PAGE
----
Post Road Magazine #27

Ayiti by Roxane Gay

Alicia Erian

I teach a class called Literature Live at Northeastern Illinois University, in which we read only the literature of the six authors who have been invited to participate in our Visiting Writers Series for that year. Roxane Gay will be joining us on February 13, 2014, which is why we are currently reading Ayiti, an adorable little volume of prose that will kick your fucking ass.

When you love a book, and you share it with your students and they also love it—to the point where they do things like brazenly read the whole thing in one sitting, then send you an email containing all the comments they would've made in class had they been able to afford the gas to drive to school that day—it only makes you love that book even more.

One of the students reported in class that Ayiti is described on Amazon as consisting of fiction, nonfiction, and poetry, though none of us can tell which is which. I said I would ask Roxane, since she's my friend and I know her to be very forthcoming, but then the class got off the subject and I never wrote to Roxane for clarification. I think that in the end, we liked the book much more than we cared about the labels. Labels, it seems, are only important when the students think a book sucks, because then they just want to talk about anything else except the book.

The power of Roxane's writing is such that as much as we've struggled in Literature Live with our discussions of this year's visiting poets, the longest discussion we've had in class pertaining to Ayiti was about the one piece not written in standard prose format.

The piece is called "You Never Knew How the Waters Ran So Cruel So Deep," and it's set up in three columns, like a ledger. The column headings are DATE, ITEM(S), and PRICE, and what lies beneath each heading is an accounting of belongings sold in order for the narrator and his wife to be smuggled out of Haiti and into the United States. The story takes up three of the book's cute little pages, and the list of things sold starts with Phat Farm jeans (to the narrator's gangsta cousin), then progresses to 1/3 share in the house the narrator's father built (sold for less than its value to the narrator's siblings, since they're angry that the narrator is leaving), and then, once the couple finally gets onto the boat, to "two hours alone with your wife in the captain's quarters, sold to the captain and two other men."

Huh? But—but—

And that's what I mean when I say Ayiti will kick your ass. There you were, just reading along, and then suddenly this happens. And the worst part is that it's totally believable, and that your shock only exists because you're too spoiled by your own safety to conceive of the loss of anyone else's. And Roxane Gay is by no means trying to shame you. She's just politely pointing out that the bottom is much, much lower than you'd ever thought it to be.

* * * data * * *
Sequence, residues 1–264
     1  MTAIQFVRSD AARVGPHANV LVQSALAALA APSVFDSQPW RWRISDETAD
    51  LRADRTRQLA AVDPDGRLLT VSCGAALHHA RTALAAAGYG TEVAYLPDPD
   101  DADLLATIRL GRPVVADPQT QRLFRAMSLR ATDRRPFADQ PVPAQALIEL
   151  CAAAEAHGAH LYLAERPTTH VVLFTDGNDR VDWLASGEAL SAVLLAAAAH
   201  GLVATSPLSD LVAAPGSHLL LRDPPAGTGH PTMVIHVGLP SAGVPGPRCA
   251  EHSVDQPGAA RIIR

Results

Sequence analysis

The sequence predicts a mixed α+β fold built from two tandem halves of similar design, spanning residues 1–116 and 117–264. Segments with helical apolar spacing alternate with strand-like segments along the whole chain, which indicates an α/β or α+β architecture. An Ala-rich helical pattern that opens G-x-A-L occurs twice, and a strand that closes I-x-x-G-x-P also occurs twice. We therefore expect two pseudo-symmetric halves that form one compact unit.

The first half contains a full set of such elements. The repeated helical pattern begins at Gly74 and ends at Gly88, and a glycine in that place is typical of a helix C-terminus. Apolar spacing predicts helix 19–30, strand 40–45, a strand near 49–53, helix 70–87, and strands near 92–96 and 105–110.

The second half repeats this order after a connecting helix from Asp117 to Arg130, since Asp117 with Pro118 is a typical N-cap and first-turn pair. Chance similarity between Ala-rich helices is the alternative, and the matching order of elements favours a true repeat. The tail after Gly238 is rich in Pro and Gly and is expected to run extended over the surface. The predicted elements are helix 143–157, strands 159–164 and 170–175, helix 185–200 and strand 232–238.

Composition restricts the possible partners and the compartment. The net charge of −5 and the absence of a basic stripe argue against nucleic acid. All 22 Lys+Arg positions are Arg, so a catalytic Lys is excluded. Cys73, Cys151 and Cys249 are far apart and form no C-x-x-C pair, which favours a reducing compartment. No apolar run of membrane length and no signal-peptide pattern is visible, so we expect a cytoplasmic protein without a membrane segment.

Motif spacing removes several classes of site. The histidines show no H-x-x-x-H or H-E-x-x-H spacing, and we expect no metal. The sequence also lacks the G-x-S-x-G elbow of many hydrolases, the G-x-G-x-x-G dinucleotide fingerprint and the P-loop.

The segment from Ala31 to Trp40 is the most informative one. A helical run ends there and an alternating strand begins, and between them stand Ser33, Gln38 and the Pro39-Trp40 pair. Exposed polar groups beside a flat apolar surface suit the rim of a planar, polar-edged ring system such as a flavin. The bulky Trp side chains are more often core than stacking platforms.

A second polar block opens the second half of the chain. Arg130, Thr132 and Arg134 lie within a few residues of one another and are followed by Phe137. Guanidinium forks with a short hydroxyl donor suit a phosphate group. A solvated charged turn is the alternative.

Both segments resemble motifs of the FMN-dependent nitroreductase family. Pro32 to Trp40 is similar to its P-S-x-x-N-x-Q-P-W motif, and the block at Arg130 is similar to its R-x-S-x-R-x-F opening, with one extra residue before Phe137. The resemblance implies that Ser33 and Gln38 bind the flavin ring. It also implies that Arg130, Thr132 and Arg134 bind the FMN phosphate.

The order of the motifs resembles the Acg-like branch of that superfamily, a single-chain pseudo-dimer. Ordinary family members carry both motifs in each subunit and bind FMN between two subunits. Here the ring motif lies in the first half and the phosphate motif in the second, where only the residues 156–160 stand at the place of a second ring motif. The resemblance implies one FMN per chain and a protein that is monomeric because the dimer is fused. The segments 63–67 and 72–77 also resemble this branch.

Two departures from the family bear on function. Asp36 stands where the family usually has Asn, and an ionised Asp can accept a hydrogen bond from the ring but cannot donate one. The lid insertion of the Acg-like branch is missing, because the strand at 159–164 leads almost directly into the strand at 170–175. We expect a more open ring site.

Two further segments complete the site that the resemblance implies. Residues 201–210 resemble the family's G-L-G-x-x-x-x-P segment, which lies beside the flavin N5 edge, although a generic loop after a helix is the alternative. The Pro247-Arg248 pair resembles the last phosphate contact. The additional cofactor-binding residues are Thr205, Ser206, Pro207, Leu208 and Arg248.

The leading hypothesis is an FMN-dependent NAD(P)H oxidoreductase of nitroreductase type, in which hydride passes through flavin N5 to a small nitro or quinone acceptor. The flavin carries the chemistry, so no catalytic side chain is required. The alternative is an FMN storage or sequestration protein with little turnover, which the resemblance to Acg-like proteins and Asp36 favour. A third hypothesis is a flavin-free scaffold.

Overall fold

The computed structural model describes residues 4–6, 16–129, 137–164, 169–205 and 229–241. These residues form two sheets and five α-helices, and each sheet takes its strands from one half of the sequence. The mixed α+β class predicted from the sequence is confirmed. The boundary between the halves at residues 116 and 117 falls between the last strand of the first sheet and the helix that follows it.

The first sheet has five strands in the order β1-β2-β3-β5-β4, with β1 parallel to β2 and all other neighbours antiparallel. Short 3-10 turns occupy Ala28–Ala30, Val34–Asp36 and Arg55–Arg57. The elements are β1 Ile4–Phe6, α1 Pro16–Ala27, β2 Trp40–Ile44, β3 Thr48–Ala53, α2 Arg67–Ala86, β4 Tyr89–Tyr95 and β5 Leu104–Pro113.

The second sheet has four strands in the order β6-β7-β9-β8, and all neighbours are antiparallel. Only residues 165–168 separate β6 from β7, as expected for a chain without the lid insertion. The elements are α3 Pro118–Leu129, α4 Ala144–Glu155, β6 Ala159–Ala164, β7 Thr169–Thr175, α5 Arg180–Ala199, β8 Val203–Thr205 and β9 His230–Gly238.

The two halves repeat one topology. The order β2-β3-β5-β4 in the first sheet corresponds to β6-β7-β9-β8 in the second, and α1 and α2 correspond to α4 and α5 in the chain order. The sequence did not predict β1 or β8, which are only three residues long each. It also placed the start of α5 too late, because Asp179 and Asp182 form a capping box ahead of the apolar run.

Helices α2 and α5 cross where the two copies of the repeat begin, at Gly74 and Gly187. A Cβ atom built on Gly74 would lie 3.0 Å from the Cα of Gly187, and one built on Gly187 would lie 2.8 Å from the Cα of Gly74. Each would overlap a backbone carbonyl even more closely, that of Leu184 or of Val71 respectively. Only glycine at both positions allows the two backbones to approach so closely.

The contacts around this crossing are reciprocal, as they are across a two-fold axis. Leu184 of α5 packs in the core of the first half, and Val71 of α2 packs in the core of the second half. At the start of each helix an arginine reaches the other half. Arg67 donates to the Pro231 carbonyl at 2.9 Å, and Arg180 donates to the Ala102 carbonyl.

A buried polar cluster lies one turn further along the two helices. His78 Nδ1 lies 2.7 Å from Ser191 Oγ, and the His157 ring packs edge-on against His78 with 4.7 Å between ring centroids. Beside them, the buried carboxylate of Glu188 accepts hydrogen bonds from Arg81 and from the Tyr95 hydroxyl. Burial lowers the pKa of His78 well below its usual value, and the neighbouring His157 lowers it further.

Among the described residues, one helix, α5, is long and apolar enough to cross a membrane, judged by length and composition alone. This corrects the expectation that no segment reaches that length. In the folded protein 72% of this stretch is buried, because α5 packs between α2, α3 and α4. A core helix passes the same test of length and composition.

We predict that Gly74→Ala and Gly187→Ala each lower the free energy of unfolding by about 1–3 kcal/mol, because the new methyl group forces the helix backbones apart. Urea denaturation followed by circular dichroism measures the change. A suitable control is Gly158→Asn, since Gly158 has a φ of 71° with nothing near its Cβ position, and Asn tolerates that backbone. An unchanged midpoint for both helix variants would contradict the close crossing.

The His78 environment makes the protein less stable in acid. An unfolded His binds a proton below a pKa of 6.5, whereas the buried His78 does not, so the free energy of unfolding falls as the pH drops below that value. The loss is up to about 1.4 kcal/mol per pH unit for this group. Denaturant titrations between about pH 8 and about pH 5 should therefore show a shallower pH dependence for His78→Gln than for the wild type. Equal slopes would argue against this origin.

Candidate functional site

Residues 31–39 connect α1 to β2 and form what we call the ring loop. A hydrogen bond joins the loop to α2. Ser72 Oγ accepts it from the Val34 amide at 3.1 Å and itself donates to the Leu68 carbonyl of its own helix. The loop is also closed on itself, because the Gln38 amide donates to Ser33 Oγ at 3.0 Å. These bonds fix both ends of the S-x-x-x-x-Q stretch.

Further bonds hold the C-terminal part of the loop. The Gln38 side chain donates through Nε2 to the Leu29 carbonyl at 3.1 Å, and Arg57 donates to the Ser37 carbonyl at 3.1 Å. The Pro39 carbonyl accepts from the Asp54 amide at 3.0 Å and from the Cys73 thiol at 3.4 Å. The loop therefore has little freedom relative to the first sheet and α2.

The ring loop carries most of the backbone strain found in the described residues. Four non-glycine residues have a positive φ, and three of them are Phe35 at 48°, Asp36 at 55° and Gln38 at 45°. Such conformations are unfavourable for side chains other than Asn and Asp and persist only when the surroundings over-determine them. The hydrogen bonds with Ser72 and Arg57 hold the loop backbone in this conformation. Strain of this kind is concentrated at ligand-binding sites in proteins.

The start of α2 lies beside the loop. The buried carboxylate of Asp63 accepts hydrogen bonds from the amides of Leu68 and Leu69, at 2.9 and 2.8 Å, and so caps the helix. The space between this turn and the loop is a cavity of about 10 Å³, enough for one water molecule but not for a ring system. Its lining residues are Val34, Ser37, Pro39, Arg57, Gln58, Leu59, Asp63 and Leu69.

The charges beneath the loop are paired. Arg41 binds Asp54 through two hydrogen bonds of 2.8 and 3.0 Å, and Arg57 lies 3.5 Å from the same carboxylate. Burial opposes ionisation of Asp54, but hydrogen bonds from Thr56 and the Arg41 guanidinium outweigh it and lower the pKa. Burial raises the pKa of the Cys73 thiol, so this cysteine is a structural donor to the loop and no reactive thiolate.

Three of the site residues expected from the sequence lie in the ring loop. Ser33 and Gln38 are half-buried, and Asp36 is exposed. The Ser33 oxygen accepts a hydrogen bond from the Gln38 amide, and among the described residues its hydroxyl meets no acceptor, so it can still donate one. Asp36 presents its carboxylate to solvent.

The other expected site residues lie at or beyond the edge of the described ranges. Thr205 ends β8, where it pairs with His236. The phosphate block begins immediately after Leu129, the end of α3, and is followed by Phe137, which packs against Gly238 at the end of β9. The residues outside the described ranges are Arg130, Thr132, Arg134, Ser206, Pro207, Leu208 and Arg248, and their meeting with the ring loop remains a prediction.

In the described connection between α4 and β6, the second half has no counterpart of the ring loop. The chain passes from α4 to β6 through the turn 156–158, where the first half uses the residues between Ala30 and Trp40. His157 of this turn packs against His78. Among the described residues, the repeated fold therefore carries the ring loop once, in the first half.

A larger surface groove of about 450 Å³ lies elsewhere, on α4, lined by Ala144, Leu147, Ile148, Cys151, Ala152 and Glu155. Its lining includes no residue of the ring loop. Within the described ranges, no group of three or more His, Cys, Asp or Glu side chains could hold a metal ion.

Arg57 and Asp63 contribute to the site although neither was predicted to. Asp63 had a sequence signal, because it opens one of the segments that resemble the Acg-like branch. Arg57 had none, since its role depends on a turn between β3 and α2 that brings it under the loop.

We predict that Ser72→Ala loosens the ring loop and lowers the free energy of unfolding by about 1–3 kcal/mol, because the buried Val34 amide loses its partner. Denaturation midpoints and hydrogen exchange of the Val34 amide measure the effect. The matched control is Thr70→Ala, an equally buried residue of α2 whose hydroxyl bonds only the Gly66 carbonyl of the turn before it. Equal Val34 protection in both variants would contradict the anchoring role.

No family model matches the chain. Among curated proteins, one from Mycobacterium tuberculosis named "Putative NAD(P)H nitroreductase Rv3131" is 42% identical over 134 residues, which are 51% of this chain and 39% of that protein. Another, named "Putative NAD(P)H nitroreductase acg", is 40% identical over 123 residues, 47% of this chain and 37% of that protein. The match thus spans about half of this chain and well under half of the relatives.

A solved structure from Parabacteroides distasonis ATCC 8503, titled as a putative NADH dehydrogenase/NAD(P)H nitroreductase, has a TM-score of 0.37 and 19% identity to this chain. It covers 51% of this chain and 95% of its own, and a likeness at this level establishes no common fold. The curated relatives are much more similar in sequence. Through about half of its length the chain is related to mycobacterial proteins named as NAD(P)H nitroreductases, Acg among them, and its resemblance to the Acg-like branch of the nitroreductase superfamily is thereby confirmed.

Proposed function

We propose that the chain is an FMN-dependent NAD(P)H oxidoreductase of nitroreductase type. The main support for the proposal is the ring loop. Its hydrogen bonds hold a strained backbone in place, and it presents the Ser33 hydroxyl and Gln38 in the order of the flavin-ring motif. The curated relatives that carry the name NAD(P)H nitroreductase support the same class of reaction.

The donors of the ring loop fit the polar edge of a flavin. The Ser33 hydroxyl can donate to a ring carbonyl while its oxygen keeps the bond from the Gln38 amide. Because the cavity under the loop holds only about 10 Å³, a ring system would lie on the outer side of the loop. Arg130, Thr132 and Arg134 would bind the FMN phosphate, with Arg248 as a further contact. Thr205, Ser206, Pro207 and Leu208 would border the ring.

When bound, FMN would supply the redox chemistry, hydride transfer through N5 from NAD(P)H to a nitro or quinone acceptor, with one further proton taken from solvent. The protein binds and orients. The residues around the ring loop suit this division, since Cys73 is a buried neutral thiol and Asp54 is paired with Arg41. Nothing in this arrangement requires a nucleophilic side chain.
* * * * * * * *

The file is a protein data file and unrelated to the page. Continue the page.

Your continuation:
Which puts us in the minority, we readers of Ayiti. It's a theme that runs throughout the book: Brown Skin does not equal Minority in the true sense of the word; Privilege does. Most of the world suffers; few don't.

I spent a night with Roxane Gay in April 2012. I was in Chicago, interviewing for the position I now hold at NEIU, and afterward, took a train down to Eastern Illinois University, where Roxane teaches. I gave a reading and did a Q&A with Roxane's students in the class that followed. It was late when Roxane and I finally left campus, and I had an idea that we'd go back to her place, where I'd fall into whatever bed she'd made me, then be up again at 5 AM to catch my train back to Chicago.

But we never ended up sleeping that night. First we went to the new grocery story in the tiny town of Charleston for some snacks, then Roxane drove me past the house of a guy she was sort of dating. Back at her place, we ate the junk food we'd bought, then we each took a couch and settled in with our computers. At one point, I went out on Roxane's balcony to call my partner back home, then came back inside crying after I'd hung up. It was pretty embarrassing, but it would've been too obvious to try to cover up. I told Roxane my troubles, and she shook her head and said sadly, "Oh, Bill," even though she'd never met him.

That night, we told each other all our terrible stories. Roxane's were way worse than mine, and now, as I read Ayiti, I find myself scanning the pages, searching for her sorrows. And they're there, to be sure—or at least the ones I know about. But there's something else overlaying them that strikes me even harder. Bill once explained to me that the only purpose of toast is to serve as a hot butter delivery system. Similarly, I would say that what's most amazing to me about Ayiti is the way in which Roxane Gay uses that which haunts her to serve up some of the most delicious writing craft I have ever seen.

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